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The Eastern Graphic
Wednesday, December 6, 2006

Victim of Oil Theft Moves Tank Indoors

APM president Tim Banks says the cost of cleaning up an oil spill at the former House of Excellence in Montague is “a cost of doing business.”

In this case, Mr. Banks said the cost of doing business was in the range of $35,000 to $38,000 to clean up oil spilled on the ground after the tank was vandalized and oil was stolen about a month ago.

Mr. Banks said his company found the spill while one of APM’s maintenance managers was doing a check on the property. “He took his routine walk around the property, and noticed the oil line was disconnected,” said Mr. Banks.

He said the company immediately called the RCMP and the Department of Environment.
Danny McInnis, field supervisor with the Department of Environment, said the department was notified of the spill on November 8, and the site was cleaned up between November 8 and 10. Mr. McInnis said the department excavated the contaminated soil, and tested the soil on-site.

Mr. McInnis said the 417 tons of contaminated soil, dug up by the department, was hauled to the East Prince Waste Management Facility to be cleaned, and the hole was back-filled with new soil. Mr. McInnis said there was no groundwater contamination form the spill, since his department was notified shortly after the spill happened.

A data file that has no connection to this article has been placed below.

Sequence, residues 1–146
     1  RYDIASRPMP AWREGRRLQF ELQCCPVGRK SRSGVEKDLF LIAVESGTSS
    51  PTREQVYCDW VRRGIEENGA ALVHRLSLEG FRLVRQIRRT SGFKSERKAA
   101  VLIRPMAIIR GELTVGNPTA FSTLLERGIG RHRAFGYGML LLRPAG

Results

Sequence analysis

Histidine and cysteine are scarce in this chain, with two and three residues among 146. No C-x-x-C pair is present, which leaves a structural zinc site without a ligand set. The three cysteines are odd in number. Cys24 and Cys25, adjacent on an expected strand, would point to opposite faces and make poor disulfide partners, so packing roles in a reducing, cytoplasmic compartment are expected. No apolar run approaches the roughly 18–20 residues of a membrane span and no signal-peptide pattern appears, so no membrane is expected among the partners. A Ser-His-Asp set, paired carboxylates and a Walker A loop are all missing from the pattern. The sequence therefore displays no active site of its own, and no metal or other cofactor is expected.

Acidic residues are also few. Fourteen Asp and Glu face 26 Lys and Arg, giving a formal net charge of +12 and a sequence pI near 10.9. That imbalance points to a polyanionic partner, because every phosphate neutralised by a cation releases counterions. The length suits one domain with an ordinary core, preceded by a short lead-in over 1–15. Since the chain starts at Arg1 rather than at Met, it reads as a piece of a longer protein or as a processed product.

Mr. Banks does not know how much oil was stolen from the tank, but he speculated that whoever did it probably used five-gallon containers to transport the oil. The oil tank was located at the back of the building prior to the incident, but it has since been moved inside.

Mr. Banks offered words of advice to anyone who has an oil tank outside of their home or business. “You want to make sure you’re checking them on a routine basis,” he said.

Mr. McInnis said the Department of Environment recommends placing oil tanks inside building whenever possible, because the tank and its contents are more secure, and protected not only from vandals, but from the elements as well.

“It’s unfortunate that people are up to this these days with the price of oil,” said Mr. Banks.
Mr. Banks said the House of Excellence building has been rented to Frenchies. Business owner Judy Taylor, of Murray River, is opening the used clothing store because, “with the economy today, people can’t afford to go pay the big bucks for clothing,” she said.
Ms. Taylor is spelling her business’ name a bit differently than other Frenchy’s because her own first name, Judalon, is different from anyone else’s.

“When I opened my business I wanted it to be my Frenchies, my goal, my business,” she said.

Ms. Taylor is currently getting her business ready to open on January 2, 2007. She also is an artisan and will eventually sell her crafts, from quilts to angles to flower arrangements, at the store.

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